- The Washington Times - Tuesday, April 21, 2009

GENEVA (AP) - The U.N. says Iranian President Mahmoud Ahmadinehad dropped a reference to Holocaust denial from his speech at a U.N. racism conference.

The prepared English text of Ahmadinejad’s speech said the West had used “the ambiguous and dubious question of the Holocaust” in setting up the state of Israel.

U.N. spokeswoman Marie Heuze says he omitted the remark in his delivery in Farsi on Monday. The French and English interpreters also dropped the phrase.

Although his speech was an attack on Israel, some delegates stayed in the room because they said he stopped short of denying the Holocaust.

Heuze said Tuesday that Farsi speakers confirmed Ahmadinejad’s deviation from the official text provided by the Iranian government.

THIS IS A BREAKING NEWS UPDATE. Check back soon for further information. AP’s earlier story is below.

GENEVA (AP) _ The United Nations sought Tuesday to rally nations against intolerance a day after the anti-Israel speech by Iran’s president sparked protests and swelled the U.S.-led list of countries boycotting the world racism conference.

Dozens of Western diplomats walked out during Mahmoud Ahmadinejad’s speech and a pair of rainbow-wigged protesters threw clown noses at Iran’s hardline leader Monday when he called Israel the “most cruel and repressive racist regime.”

France, which later returned to the conference, said it was optimistic the U.N. would move on and approve a declaration by Tuesday night committing the world to fight racism.

The meeting is “not at all a failure but the beginning of a success,” Foreign Minister Bernard Kouchner said on French radio.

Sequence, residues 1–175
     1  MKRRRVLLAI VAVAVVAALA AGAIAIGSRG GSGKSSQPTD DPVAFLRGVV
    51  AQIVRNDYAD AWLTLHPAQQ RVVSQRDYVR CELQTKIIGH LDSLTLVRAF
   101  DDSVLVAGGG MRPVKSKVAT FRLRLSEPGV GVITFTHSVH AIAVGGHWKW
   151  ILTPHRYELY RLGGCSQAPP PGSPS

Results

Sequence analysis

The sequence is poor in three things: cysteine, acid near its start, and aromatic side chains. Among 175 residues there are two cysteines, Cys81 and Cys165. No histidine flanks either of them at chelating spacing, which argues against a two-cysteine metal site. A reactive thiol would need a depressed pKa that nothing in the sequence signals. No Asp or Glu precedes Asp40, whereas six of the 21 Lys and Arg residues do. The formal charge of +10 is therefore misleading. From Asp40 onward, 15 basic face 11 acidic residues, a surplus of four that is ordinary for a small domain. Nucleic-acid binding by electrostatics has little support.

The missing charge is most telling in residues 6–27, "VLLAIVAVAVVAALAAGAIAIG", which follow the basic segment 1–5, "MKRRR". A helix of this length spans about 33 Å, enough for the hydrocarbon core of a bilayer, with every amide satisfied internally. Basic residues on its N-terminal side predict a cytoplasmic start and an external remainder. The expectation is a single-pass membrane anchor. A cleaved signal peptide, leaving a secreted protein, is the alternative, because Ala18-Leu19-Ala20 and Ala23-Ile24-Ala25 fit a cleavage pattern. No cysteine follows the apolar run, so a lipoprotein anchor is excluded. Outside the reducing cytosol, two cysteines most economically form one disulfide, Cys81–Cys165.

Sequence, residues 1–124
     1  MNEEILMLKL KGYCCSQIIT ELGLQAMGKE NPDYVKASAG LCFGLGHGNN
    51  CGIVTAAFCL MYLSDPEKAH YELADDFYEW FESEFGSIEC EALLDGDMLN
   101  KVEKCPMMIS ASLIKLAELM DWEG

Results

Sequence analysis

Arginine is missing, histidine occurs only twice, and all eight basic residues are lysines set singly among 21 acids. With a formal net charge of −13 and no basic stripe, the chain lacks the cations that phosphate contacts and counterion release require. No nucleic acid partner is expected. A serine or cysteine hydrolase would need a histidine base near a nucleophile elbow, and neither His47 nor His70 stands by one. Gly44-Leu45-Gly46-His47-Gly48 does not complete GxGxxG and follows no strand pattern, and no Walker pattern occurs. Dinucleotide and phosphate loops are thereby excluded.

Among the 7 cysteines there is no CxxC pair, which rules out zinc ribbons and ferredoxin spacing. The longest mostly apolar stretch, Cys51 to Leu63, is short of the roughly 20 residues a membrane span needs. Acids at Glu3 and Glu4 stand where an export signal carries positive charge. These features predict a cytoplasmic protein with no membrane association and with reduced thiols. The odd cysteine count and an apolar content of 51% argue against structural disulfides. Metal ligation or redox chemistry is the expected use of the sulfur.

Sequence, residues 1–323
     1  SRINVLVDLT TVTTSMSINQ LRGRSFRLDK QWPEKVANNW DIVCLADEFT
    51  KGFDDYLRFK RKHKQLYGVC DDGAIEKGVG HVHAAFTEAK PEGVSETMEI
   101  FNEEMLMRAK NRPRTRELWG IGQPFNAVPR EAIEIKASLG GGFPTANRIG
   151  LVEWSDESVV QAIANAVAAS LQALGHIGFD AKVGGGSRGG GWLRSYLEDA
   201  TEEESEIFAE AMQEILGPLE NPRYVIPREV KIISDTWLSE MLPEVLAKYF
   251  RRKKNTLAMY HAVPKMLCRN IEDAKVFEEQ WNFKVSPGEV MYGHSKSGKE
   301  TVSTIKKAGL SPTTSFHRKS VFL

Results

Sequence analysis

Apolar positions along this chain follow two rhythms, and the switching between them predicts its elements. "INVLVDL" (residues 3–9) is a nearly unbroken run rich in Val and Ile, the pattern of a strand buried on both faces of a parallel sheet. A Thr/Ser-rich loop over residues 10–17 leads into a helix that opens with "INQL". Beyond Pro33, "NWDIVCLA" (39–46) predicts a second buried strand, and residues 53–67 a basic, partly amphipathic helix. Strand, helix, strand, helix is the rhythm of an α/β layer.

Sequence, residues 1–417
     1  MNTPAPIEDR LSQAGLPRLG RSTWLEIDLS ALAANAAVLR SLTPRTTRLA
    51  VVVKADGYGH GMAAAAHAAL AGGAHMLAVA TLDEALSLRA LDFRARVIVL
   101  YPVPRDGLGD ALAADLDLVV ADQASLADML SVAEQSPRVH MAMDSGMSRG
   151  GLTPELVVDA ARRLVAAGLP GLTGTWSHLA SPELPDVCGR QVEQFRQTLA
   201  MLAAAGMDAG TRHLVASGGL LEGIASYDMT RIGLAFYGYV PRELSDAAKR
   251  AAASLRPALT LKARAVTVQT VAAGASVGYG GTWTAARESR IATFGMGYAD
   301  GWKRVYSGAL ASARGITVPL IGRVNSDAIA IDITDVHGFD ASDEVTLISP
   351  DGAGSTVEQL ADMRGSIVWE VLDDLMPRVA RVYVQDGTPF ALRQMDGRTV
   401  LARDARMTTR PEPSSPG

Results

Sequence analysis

The global body was similarly hopeful.

“In the drama of yesterday (Monday) everyone forgot what the conference is actually about,” U.N. spokesman Rupert Colville said. “I think we’re back on track now.”

Conference organizers have sought desperately to avoid the same problems that marred the last global racism gathering eight years ago in Durban, South Africa. The U.S. and Israel walked out midway into that event over an attempt by Muslim countries to liken Zionism _ the movement to establish a Jewish state in the Holy Land _ to racism.

Even though any final document will have no enforcement power, and will likely do little in the short-term to improve the situation of minorities around the world, it arouses great passion from all governments.

Israel is not mentioned anywhere in the agreement prepared for the current meeting, which seeks to avoid any offense but has angered many in the Muslim world for its failure to point the finger directly at the Jewish state for its treatment of Palestinians.

Iran has fought to minimize any reference to the Holocaust, while the Obama administration has said it cannot accept a reaffirmation of the U.N.’s 2001 declaration, which in its final version noted the “plight of the Palestinians” and Israel’s right to security.

While themes from African poverty to the suffering of South America’s indigenous peoples was discussed Tuesday in Geneva, the U.S. and eight other boycotting nations were joined on the sidelines by the Czech Republic, which holds the rotating EU presidency.

China, which has prevented any criticism of how it treats Tibetans or members of the Falun Gong spiritual sect, called for dialogue and consensus to combat racism.

“New forms of racism keep cropping up so it is a very challenging job,” Chinese Foreign Ministry spokeswoman Jiang Yu said in Beijing. She called for “zero tolerance to racism at both the international and national levels.”

But some delegates at the conference refused to look beyond the Middle East.

Palestinian Foreign Minister Riyad Al-Maliki called Israeli policies in Gaza and the West Bank the “ugliest face of racism.”

The U.N., meanwhile, expelled 375 delegates representing different advocacy groups at the conference.

They included representatives of a Jewish student group that interrupted Ahmadinejad’s speech with protests and attempted to block his appearance at a news conference. Iranian delegates that disrupted proceedings with their cheering were also removed from the meeting.


Associated Press writers Frank Jordans and Eliane Engeler contributed to this report.

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